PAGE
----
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Globe editorial: Looking for trouble in the Paradise Papers

Prime Minister Justin Trudeau hasn't done himself any favours with his government's muddled reform of small-business tax rules and the failure of his finance minister, Bill Morneau, to immediately sell his shares in his family company, or place them in a blind trust.

But even so, it is hard to see how the personal financial doings of Stephen Bronfman, the Liberal Party's chief fundraiser, are the responsibility of the PM, or how they cast him in a bad light.

Mr. Bronfman is one of 3,000 Canadians named in the Paradise Papers, a boatload of leaked documents from a Bermuda law firm that specializes in helping wealthy people set up offshore accounts in order to lower their tax bill.

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Explainer: Who's named in the Paradise Papers? A list and a primer on why it matters

Offshore accounts are legal as long as the rules are followed. Mr. Bronfman says he doesn't use an offshore account, but says he once briefly lent money to one operated by Leo Kolber, a family business associate, former Liberal senator and long-time fundraiser for Pierre Trudeau.

There is no evidence that Mr. Bronfman broke any rules. The Canada Revenue Agency says it will investigate any suspicious activity exposed in the Paradise Papers, and Justin Trudeau says he's encouraging it to do so.

That might have been the end of this story, had it not surfaced while Mr. Trudeau was already on the defensive about his government's poorly handled business-tax plan and Mr. Morneau's finances.

The Conservative opposition has seized on this cluster of events to portray the Liberals, through guilt by association with unproven allegations, as enablers of the privileged classes. Overkill is setting in.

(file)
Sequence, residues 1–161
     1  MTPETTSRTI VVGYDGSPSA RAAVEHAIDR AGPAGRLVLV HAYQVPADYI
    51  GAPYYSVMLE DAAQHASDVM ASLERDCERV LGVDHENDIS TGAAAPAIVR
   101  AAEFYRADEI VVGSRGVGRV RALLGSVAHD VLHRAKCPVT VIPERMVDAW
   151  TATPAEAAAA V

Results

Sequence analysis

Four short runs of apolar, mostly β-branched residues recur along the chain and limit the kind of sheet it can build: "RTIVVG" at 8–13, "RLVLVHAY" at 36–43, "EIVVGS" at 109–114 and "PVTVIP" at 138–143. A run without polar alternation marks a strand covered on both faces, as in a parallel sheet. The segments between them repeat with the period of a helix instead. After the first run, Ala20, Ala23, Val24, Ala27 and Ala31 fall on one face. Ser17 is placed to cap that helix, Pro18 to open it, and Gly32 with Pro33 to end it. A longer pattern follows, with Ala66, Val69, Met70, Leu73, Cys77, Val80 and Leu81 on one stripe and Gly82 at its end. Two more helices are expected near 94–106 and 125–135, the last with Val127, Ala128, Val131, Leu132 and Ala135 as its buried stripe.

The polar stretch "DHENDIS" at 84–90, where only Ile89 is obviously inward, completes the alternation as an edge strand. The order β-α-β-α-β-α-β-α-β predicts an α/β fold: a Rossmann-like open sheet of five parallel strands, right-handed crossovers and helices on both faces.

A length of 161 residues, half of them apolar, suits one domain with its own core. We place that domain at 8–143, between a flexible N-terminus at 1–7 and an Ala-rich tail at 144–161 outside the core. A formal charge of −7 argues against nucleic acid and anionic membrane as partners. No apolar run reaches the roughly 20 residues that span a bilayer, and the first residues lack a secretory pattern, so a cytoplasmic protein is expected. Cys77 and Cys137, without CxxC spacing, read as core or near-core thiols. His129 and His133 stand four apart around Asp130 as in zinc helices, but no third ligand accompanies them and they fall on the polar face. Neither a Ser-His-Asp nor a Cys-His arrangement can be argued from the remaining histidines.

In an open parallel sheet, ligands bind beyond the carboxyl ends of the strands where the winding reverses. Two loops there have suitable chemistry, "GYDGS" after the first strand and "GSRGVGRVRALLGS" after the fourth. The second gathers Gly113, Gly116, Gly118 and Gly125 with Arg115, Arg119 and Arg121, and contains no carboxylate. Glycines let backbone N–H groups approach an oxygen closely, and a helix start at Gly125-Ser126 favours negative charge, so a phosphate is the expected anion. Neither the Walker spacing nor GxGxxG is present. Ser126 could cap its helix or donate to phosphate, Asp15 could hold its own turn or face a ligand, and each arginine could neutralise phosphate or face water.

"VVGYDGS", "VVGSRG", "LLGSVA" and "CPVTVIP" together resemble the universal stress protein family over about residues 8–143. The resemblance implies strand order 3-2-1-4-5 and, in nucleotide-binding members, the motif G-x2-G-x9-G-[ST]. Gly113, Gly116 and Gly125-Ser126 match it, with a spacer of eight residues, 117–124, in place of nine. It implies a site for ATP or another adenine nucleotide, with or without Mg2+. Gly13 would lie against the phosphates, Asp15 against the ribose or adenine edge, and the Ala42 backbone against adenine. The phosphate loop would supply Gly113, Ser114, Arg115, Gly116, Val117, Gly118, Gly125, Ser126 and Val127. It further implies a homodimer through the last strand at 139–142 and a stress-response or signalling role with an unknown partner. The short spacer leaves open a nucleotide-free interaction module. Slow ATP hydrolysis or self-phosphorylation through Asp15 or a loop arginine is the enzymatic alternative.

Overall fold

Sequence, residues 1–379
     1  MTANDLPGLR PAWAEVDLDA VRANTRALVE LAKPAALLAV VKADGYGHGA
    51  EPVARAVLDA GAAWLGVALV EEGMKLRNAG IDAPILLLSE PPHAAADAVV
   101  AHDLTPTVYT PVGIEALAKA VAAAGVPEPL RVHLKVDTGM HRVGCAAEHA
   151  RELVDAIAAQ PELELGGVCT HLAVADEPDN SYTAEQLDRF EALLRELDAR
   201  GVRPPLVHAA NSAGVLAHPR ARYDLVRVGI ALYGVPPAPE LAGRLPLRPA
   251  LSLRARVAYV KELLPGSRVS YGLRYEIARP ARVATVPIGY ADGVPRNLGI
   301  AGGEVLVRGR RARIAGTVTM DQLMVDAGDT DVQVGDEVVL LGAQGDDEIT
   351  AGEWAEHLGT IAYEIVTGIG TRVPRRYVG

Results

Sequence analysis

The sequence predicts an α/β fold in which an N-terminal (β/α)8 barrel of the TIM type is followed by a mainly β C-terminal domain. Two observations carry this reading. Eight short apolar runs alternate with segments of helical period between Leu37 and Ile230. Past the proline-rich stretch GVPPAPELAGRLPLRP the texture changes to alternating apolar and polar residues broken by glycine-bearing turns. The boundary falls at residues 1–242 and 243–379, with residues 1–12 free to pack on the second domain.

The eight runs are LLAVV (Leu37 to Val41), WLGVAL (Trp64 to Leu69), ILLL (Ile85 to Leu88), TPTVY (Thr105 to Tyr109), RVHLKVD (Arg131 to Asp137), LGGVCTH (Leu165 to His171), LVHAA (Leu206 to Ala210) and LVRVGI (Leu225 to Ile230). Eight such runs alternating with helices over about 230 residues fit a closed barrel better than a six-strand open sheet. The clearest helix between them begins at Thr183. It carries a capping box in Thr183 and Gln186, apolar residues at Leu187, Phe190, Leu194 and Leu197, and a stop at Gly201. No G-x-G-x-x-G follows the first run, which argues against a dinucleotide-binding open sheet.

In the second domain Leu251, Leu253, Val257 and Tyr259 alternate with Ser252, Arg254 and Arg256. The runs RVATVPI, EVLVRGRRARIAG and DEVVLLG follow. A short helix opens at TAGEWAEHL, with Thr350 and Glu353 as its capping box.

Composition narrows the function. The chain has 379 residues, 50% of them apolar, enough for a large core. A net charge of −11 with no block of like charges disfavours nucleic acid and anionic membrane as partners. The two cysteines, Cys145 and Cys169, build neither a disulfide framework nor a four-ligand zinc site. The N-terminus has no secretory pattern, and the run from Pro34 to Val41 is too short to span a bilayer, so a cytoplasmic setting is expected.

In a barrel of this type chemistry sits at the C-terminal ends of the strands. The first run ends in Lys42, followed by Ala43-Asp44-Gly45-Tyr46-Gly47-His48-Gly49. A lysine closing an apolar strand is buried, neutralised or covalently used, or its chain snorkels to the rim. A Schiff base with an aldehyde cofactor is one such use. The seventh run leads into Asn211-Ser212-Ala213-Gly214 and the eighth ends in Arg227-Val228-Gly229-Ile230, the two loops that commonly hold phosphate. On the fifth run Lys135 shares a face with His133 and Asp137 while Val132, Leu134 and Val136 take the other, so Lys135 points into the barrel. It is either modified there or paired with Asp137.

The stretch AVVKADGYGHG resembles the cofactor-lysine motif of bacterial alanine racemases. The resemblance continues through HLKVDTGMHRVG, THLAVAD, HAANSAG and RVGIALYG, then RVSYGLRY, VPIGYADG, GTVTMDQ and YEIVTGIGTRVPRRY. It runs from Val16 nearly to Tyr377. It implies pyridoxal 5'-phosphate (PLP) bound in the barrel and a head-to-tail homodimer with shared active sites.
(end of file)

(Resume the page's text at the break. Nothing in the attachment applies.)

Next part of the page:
"Why is the Prime Minister … allowing his friends to avoid paying taxes in Canada?" Conservative Leader Andrew Scheer asked rhetorically in Parliament this week. Conservative MP Pierre Poilievre asked Mr. Trudeau to return any money raised for the Liberal Party by Mr. Bronfman, as if it were somehow tainted.

These attacks may be politically effective. But they could also backfire. There is rather a lot to legitimately criticize the Liberal government for these days; if the Conservatives would like to go fishing for new targets, they could start by pushing for meaningful reforms to the rules governing offshore trusts.

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So far, Mr. Trudeau has said the right things about the allegations in the Paradise Papers. He has other problems, of his and his government's own creation, for which he must take responsibility. But based on the evidence thus far, this does not appear to be one of them.

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